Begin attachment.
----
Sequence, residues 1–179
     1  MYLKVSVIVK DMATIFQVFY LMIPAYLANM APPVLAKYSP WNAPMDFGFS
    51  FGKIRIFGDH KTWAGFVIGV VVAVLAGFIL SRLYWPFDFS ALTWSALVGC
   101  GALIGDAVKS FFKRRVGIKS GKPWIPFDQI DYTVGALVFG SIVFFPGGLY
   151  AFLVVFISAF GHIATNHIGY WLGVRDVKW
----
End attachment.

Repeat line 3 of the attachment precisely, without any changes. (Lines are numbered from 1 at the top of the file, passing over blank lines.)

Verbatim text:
    51  FGKIRIFGDH KTWAGFVIGV VVAVLAGFIL SRLYWPFDFS ALTWSALVGC